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Logan Director James Mangold Warns That Fandom Backlash Will Push Talent Out of Genre Films

Logan, looking at all them angry fans.
Logan, looking at all them angry fans.
Image: 20th Century Fox

Fans nowadays are angry. Oh, are they angry. And director James Mangold is worried about the effect it’ll have on the culture industry.

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Taking to Twitter, Mangold (who always has interesting, if not uncontroversial, thoughts on pop culture media) shared his thoughts about the direction fandom has taken in 2018 and what the results of that will be.

In a series of tweets, Mangold outlines his concern that fandom outrage, and the fear of upsetting an eager mob of commenters, Tweeters, YouTubers, and other variations of online fan, will drive smart, creative people out of wanting anything to do with big franchises. He likens it to a religious fervor: say or do the wrong thing, and you might be seen as a blasphemer.

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At io9, we’ve already talked about how fandom can have a detrimental effect on the industry when it gets nasty. Loving something is fine and good, but when it turns into trolling and harassment it does real material harm to the people involved in creating those things. And Mangold is right: people will leave. And people most vulnerable to this sort of treatment, women, and people of color and marginalized folk of all sorts, are going to be the ones who are driven out most quickly and easily.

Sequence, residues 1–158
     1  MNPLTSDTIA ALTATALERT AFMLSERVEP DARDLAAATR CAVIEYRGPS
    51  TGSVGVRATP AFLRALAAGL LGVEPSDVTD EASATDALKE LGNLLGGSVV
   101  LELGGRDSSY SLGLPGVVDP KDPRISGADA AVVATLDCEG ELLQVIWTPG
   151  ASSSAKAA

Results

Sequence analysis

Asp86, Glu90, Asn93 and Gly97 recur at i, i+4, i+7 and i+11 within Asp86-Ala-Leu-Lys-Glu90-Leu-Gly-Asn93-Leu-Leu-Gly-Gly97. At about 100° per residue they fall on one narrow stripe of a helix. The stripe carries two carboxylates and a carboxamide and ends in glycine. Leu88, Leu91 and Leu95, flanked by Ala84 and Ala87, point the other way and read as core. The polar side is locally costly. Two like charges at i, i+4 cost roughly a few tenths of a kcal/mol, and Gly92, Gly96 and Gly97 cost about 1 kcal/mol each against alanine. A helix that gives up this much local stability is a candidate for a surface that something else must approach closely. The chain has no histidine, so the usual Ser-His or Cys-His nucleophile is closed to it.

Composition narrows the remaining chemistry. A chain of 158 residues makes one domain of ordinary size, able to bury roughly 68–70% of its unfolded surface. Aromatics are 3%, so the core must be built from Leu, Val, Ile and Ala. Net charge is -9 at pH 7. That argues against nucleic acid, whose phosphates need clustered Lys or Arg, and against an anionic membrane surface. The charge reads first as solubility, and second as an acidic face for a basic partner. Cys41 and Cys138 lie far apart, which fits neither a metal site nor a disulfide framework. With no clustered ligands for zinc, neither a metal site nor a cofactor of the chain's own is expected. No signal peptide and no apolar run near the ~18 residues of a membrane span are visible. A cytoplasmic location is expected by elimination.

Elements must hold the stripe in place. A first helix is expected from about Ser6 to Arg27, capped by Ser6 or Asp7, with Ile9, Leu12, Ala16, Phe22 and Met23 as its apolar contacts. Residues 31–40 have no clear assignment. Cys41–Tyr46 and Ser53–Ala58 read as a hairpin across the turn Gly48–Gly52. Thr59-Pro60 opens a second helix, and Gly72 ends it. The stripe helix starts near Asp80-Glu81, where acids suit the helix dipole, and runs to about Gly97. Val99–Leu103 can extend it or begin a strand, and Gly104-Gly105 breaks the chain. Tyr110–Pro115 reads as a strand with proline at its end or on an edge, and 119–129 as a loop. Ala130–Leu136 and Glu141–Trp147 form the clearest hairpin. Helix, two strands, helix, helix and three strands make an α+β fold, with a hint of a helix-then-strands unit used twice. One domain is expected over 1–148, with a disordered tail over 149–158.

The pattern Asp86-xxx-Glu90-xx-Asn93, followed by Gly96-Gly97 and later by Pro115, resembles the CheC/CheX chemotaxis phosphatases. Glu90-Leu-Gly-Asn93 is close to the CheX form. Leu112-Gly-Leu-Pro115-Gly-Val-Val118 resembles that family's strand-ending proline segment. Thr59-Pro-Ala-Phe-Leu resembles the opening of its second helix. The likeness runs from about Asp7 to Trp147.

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It’s refreshing to see a prominent creator point out this fact, which a lot of people in lower rungs in the culture industry are already well aware of. If we want a world of genre fiction that’s diverse, exciting, and relevant, it’s important to oppose and stamp out hateful, harassing behavior. And we need creators like Mangold to help.

[Twitter, via /Film]

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io9 Weekend Editor. Videogame writer at other places. Queer nerd girl.

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DISCUSSION

lightninglouie
lightninglouie

To be fair, it seems to be mainly Star Wars. There have been at least a half-dozen or more disappointing Star Trek movies (conservative estimate), several less-than-great X-Men movies, and a shitload of terrible Bond movies, but I don’t remember any death threats in the aftermath of those films. Almost all of the Alien and Indiana Jones sequels have been mediocre to terrible. The DC movies have also been pretty shitty (pre- and post-DCEU), but I don’t remember anyone suggesting that Bryan Singer should have been murdered for Superman Returns. The Marvel movies go off in all sorts of weird and unorthodox directions and the fans are pretty much on board with that.

Nah, it’s mostly Star Wars. And I’d suggest there’s a good reason for that. For 22 years, there were only three Star Wars movies (no, let’s not count the Holiday Special or the Ewok things), and so the hardcore fans had to make do with their own ideas about what the universe was like. (Sure, there were comics and novels in the ‘90s, but nobody was under any illusions that they were 100% canonical.) And so any official attempts to expand that universe are going to run up against those assumptions, whether it was Lucas’s or Disney’s versions of the saga. Most franchises are immunized against that sort of thing because they’re either constantly undergoing soft or hard reboots (like Star Trek and Batman) or have multiple characters and storylines going on simultaneously, like the MCU. That’s where Mangold was dead-on. Star Wars is basically a religion in a way that other franchises aren’t. And when you add newer testaments to the canon, the true believers are gonna get testy.